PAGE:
UK Government pledges £200 million for new NHS cancer scanners
By Sam Blewett, PA Political Correspondent
Boris Johnson is to announce a £200 million cash injection to replace MRI machines, CT scanners and breast screening equipment.
The Prime Minister is pledging an overhaul to cancer screening, with the funding providing 300 diagnostic machines in hospitals across England.
Mr Johnson is set to make the latest NHS spending pledge during a visit to a hospital on Friday, as he continues to seeks to get an early general election to break the Brexit deadlock.
However, Cancer Research UK warned that staffing shortages in the NHS need rectifying as a priority, and Labour said the money falls short of what is needed to address years of funding cuts.
Ahead of the visit, the PM said: "These new scanners will lead to quicker diagnosis, more screenings, and improved care for patients, giving brilliant NHS staff the tools they need to further boost survival rates.
"It's my priority to make sure our NHS gets every penny it needs to provide the very best care - wherever you live, and whatever your condition."
The Department of Health said the machines, to go to more than 80 trusts, will improve efficiency and improve patient safety by delivering lower radiation levels.
Improved reliability is also expected, meaning fewer cancellations and better use of staff time.
Health Secretary Matt Hancock said: "I want to see the way we fight cancer in the NHS transformed, so we can confront this cruel disease with the best facilities to give our family, friends and colleagues the greatest chance.
"I'm determined to get cutting-edge equipment into hospitals across the country so that clinical staff are equipped with the best technology available for patients."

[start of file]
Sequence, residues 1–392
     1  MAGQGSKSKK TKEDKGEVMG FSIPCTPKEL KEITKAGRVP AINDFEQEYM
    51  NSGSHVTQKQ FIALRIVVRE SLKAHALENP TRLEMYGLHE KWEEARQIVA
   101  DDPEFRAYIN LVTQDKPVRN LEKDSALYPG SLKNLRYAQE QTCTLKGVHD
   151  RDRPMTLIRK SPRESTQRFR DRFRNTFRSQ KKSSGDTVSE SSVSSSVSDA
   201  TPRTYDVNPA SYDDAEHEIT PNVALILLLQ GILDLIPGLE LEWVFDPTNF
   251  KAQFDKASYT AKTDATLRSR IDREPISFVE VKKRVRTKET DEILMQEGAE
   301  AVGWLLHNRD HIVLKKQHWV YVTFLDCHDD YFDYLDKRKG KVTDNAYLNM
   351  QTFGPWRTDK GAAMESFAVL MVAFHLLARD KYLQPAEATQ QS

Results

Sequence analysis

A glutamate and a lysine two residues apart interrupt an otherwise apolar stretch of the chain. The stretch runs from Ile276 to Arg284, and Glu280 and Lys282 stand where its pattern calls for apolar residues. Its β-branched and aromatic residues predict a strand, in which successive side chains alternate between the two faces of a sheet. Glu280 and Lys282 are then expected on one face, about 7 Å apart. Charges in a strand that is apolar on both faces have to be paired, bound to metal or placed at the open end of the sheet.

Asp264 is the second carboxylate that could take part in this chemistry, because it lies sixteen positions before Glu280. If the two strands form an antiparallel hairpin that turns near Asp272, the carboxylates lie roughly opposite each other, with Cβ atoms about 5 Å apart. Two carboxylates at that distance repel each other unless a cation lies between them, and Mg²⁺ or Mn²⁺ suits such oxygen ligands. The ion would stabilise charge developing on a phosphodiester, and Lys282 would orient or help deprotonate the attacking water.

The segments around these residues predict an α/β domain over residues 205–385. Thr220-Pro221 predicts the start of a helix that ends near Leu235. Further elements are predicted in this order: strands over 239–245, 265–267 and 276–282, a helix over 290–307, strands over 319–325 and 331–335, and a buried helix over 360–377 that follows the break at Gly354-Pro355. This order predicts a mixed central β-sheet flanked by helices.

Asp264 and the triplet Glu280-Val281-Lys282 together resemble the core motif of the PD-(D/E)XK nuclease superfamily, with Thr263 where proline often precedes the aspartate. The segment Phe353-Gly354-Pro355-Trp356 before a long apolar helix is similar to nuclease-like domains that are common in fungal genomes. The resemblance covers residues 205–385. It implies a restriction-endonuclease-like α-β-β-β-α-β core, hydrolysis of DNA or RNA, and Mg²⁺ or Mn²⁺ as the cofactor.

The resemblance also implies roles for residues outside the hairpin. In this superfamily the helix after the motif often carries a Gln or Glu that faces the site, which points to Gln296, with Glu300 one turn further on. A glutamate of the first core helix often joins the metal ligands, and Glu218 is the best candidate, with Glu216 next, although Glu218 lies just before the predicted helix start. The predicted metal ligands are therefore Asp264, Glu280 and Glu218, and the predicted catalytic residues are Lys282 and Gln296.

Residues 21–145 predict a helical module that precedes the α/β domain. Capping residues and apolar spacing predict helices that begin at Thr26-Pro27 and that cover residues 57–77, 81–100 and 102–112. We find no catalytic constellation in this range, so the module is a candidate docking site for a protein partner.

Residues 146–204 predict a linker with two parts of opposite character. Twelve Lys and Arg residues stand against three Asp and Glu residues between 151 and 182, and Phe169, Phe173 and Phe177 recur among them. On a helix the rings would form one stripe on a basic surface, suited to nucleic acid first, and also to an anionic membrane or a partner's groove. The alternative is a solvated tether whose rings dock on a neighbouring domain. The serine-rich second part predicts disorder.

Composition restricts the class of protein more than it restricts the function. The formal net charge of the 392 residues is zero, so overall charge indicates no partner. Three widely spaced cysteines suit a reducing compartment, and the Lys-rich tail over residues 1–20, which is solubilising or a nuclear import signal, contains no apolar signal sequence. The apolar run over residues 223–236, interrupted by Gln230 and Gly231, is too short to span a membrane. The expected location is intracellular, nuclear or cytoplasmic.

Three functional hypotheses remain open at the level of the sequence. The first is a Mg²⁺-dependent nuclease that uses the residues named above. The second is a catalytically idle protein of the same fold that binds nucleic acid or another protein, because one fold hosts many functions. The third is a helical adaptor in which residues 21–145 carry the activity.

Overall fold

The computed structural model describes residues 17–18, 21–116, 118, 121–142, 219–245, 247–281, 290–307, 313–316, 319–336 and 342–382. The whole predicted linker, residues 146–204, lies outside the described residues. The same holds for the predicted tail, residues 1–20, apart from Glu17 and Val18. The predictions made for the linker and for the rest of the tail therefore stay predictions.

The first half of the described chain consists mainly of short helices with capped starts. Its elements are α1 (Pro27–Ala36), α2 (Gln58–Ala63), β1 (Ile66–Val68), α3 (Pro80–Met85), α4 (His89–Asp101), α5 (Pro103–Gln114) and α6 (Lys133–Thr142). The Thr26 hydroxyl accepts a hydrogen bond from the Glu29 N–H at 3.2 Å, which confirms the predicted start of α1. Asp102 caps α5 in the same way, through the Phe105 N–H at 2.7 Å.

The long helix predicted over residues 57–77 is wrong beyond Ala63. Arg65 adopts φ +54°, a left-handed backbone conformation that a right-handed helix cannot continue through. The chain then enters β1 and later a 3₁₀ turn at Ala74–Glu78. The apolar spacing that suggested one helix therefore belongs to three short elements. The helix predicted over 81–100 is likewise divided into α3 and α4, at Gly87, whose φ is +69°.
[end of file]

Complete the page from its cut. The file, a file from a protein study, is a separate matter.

Cancer Research UK welcomed the money as a necessary boost for the NHS's "creaking equipment", but said "bolder action" and increased staffing are needed.
Sarah Woolnough, an executive director at the charity, said: "Having access to the best machines available will help diagnose more people with cancer at an early stage when they have the best chance of surviving their disease.
"But to diagnose more people early is a momentous challenge and will require bolder action if the UK wants to achieve world-class cancer outcomes.
"And these new machines will only work if there is staff to operate them, so the Government must act urgently to address NHS staff shortages."
Shadow health secretary Jonathan Ashworth said Mr Hancock was "yet again following our lead" with the announcement.
"But the announcement will in no way make up for the years of multi-billion pound cuts to NHS equipment budgets," the Labour MP added.
"With 34,000 patients waiting two months just to start treatment for cancer, a credible funding plan to tackle chronic shortages in the cancer workforce is more urgent than ever. Sadly ministers have failed to offer a workforce plan yet again."